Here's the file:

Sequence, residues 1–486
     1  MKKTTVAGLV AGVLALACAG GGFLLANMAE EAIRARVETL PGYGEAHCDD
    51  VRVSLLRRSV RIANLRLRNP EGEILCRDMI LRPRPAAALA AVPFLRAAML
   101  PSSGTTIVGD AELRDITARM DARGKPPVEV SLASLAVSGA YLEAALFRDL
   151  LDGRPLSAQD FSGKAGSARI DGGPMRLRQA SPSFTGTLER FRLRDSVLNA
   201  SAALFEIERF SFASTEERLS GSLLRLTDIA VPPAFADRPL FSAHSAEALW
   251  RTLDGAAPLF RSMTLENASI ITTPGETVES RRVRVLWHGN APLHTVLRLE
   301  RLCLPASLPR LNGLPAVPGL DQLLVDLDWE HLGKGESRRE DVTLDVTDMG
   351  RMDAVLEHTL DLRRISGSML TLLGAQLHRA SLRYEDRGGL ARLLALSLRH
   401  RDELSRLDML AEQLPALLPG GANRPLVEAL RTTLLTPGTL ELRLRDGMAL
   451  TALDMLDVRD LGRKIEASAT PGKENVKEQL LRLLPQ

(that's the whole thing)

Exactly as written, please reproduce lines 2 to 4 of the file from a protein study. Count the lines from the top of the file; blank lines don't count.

     1  MKKTTVAGLV AGVLALACAG GGFLLANMAE EAIRARVETL PGYGEAHCDD
    51  VRVSLLRRSV RIANLRLRNP EGEILCRDMI LRPRPAAALA AVPFLRAAML
   101  PSSGTTIVGD AELRDITARM DARGKPPVEV SLASLAVSGA YLEAALFRDL